This post describes some good python resources that I found useful. Python has many resources, sometimes it becomes difficult for people to figure out which are good and which are not.
I am a big fan of Al Sweigart's book. He is very kind to provide the HTML version of the book online for free. I bought the hard copy and Udemy class, but the online version is very handy when I want to look something up quickly.
A presentation on youtube titled Recursion for Beginners: A Beginner's Guide to Recursion by Al Sweigart is also worth watching.
Google has a free class for people who want to learn Python. The class was created by Nick Parlante and was originally given to new Google employees. The contents of the class are quite good. It also comes with well-designed exercises for each lecture.
Think Python is a nice short introductory book by Allen B. Downey, and it only has 268 pages. Each chapter of the book has many nice exercises. The book is an easy read if you take programming courses before. The book is also freely available online. Here is the link.
Most introductory Python materials do not discuss python classes. Classes and Object Oriented Programming (OOP) concepts are everywhere for any serious Python work. I found the OOP chapter of a free online book A Byte of Python by Swaroop C H is a good introduction to the topic.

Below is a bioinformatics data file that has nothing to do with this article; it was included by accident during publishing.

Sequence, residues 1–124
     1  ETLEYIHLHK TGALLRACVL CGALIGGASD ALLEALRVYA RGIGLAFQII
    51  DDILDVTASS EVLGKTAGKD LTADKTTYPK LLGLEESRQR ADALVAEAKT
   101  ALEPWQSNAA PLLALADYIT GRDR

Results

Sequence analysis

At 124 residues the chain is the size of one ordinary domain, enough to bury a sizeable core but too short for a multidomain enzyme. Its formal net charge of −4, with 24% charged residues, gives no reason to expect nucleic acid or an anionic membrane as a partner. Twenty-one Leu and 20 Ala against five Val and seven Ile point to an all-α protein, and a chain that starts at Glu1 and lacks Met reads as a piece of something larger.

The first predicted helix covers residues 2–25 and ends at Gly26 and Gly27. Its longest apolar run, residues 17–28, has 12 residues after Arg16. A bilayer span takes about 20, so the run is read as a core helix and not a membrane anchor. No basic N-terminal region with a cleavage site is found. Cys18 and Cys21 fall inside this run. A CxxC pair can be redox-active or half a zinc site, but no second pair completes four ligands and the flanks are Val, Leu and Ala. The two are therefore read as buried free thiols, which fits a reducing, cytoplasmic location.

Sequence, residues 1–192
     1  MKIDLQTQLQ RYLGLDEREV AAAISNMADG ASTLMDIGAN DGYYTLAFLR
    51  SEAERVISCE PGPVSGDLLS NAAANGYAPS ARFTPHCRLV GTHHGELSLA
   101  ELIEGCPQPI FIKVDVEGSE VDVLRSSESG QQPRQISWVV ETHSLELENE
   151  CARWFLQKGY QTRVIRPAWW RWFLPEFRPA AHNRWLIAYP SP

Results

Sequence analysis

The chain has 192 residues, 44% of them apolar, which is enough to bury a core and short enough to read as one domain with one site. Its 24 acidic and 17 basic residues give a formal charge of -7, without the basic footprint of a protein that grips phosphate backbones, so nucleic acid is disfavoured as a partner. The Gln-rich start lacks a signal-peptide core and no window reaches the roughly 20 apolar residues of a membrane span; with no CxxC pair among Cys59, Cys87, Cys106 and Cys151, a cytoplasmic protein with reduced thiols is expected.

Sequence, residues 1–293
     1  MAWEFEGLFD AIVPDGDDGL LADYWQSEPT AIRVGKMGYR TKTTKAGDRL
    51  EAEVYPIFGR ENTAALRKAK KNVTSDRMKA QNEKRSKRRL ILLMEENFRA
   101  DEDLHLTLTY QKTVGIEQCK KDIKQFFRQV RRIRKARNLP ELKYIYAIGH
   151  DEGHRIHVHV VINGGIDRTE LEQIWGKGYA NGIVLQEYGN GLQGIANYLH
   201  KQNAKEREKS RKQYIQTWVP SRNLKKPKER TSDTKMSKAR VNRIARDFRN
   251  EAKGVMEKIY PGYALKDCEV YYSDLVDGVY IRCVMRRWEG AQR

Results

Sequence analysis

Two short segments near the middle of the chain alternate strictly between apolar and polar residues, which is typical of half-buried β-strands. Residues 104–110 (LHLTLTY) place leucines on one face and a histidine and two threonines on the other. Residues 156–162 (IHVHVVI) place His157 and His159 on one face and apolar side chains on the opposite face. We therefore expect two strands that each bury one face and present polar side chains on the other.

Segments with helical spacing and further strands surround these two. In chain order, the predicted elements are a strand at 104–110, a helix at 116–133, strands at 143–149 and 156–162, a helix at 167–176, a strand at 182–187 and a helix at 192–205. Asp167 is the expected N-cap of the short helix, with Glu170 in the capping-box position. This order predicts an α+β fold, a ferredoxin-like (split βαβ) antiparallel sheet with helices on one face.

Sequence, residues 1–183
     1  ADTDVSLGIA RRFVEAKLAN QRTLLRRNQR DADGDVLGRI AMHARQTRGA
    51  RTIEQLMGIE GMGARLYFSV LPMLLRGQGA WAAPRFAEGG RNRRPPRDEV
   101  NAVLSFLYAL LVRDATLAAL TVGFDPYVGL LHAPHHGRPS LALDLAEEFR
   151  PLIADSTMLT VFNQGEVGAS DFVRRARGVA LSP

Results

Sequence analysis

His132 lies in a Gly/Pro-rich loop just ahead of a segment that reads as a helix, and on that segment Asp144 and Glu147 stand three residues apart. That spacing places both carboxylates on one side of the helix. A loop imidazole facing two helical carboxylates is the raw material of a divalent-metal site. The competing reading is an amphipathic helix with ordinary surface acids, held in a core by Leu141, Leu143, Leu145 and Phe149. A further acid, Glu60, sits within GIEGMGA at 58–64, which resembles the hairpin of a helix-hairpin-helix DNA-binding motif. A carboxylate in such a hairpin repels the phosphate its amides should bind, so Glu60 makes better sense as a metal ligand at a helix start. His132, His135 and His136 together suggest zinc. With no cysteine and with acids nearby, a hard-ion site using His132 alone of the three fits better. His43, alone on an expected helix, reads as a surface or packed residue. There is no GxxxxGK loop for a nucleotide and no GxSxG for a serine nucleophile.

This Python Reference github page by Kevin Markham is a very nice summary of Python language features.
This online article by Trey Hunner examines all 69 python 3 built-in functions/callables. It is an excellent summary of python built-ins. Python 2 actually have a few more built-in callables.
I read the notes a few times and found that many examples apply to my existing python code. If I get a chance to revise those code, I will make sure they follow those recommendations.
I am currently reading Luciano Ramalho's Fluent Python book. I am half way through the book and it is good. The book covers many contents that I probably will never use, but it is always good to know more than we need.
I regularly listen to Talk Python To Me and Python Bytes podcasts. They keep me in the loop of a larger Python community.